I felt he was thinking the same. He was obviously waiting to meet someone too and he’s been standing there for the last few minutes right were I’m supposed to meet Randal. This must be him I thought to myself. I was nervous because I needed to make the right impression, not come across weird like some sort of stalker. And I really needed to be able to talk business – music business – something, which I had very little experience in, and something, I was totally winging whilst in Cannes.

Unstoppable – I got my ‘game-face’ on and ID laminate at the ready.


So I plucked up some courage, put my game-face on and walked confidently up to the stranger. How should I address him I thought to myself as I walked from the Irish booth with a stupid smile on my face. Should I be formal or crack a joke and be relaxed – after all we had exchanged a few emails in the run up to Midem so we weren’t total strangers. There were lots of options. ‘Hi Randal. Hey-ya Randal. How’s things Randal. Is that you Randal? What’s the craic Randal’.

Just then I remembered – he never signed off his emails as Randal. He signed off as ‘Randy’. Obviously, less formal so it’s the name I should address him by.

He sees me walking up to him. My stupid smile in place and probably oozing a shy awkwardness. I opened my mouth and said something I never thought I’d ever say to anyone never mind another man – “Are you Randy?”

To be honest I felt embarrassed as soon as the words left my mouth but I figured that was just me being childish. What’s wrong with the name Randy right? There are plenty of people called Randy – Randy Travis, Randy Newman, Randy Jackson. I’m sure it’s a pretty popular name in America. Just, not so popular in Ireland… for obvious reasons.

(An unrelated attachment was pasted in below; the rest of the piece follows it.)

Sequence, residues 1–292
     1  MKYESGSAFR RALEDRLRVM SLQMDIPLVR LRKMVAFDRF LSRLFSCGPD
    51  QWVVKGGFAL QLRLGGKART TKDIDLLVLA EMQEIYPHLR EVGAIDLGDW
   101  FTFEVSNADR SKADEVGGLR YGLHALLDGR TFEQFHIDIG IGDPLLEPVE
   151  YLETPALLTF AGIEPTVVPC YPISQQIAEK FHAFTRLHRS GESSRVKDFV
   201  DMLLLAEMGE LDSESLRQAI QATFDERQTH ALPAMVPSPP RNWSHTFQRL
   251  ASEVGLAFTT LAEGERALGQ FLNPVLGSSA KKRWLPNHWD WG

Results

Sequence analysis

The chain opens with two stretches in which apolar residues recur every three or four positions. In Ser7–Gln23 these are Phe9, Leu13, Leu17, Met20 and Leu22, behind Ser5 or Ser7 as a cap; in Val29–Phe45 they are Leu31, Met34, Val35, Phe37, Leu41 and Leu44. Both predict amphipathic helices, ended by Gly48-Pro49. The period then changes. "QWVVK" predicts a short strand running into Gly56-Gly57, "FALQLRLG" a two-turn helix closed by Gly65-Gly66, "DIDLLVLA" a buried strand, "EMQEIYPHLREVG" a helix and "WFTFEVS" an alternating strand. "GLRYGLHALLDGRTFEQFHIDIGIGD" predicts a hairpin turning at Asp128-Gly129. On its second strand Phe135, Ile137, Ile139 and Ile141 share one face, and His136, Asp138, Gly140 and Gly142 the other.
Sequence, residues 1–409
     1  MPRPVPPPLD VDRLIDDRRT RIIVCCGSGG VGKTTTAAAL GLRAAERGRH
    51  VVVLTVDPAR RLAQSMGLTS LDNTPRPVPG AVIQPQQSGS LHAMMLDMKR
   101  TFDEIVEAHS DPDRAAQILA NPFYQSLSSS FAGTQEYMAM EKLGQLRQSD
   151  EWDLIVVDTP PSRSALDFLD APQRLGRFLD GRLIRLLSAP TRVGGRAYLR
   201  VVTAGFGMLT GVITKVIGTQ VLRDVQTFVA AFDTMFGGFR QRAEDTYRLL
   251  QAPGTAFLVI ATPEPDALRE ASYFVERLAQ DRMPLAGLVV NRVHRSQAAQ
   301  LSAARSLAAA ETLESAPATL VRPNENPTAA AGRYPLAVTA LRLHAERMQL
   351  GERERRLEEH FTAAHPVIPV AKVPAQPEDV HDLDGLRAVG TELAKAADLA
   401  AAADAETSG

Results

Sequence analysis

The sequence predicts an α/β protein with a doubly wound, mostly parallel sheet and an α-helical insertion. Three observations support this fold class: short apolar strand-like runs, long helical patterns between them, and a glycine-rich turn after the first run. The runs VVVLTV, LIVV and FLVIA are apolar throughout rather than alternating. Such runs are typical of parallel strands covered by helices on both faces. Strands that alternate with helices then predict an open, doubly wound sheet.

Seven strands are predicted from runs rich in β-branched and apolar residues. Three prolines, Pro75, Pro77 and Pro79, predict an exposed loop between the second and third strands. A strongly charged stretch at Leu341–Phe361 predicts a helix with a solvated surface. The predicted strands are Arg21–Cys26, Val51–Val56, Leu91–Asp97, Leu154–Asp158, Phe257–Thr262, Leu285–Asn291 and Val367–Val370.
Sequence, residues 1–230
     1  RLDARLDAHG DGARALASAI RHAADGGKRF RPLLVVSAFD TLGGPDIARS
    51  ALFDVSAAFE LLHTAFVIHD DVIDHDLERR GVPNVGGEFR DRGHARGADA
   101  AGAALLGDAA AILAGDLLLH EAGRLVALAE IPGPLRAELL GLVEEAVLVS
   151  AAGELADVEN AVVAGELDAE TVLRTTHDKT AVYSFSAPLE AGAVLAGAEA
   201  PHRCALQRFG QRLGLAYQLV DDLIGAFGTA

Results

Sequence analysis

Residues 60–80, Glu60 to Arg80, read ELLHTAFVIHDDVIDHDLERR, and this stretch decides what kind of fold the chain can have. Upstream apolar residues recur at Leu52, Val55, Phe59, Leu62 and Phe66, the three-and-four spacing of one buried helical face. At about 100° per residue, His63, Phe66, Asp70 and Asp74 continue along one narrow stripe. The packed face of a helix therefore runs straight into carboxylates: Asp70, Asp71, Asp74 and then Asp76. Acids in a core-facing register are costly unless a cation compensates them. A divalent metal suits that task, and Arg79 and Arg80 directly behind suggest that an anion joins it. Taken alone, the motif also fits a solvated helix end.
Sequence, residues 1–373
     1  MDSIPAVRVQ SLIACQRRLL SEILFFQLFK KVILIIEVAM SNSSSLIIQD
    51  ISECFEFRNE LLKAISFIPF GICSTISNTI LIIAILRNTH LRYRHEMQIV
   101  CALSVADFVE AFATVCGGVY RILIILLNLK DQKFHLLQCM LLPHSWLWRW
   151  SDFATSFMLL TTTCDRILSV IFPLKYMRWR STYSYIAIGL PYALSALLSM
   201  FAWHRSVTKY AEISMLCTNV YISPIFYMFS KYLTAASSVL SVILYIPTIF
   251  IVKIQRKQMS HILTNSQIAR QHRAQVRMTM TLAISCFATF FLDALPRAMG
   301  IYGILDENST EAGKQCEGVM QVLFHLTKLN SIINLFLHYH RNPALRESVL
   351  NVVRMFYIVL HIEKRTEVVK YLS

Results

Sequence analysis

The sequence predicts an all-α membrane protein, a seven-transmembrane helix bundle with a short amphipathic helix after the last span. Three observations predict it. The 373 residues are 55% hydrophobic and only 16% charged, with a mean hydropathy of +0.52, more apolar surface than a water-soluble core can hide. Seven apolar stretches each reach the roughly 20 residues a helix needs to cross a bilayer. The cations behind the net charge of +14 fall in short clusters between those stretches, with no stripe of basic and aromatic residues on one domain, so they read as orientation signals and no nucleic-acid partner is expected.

So the guy looks a bit surprised and his eyes sorta open a bit wider like he didn’t quite hear me. Must be the Irish accent I thought to myself so I repeated the question a bit slower, “Are you Randy?”

Before I got a chance to clarify and rephrase he looked at me with a mix of shock and disgust on his face and just shook his head and walked briskly away.

I looked at my feet for a hole to open up and swallow me but alas nothing. In retrospect I’m thankful for the stranger’s blunt response. If he’d given a different one, things could have got even more awkward!

Thanks for reading,



BTW: Do me a favour, if you like reading these blog posts please leave a comment below as it motivates me to write more!


Executives from Ireland Records let everyone know which company they are with… we actually just stood here pointing at our company name for the four days!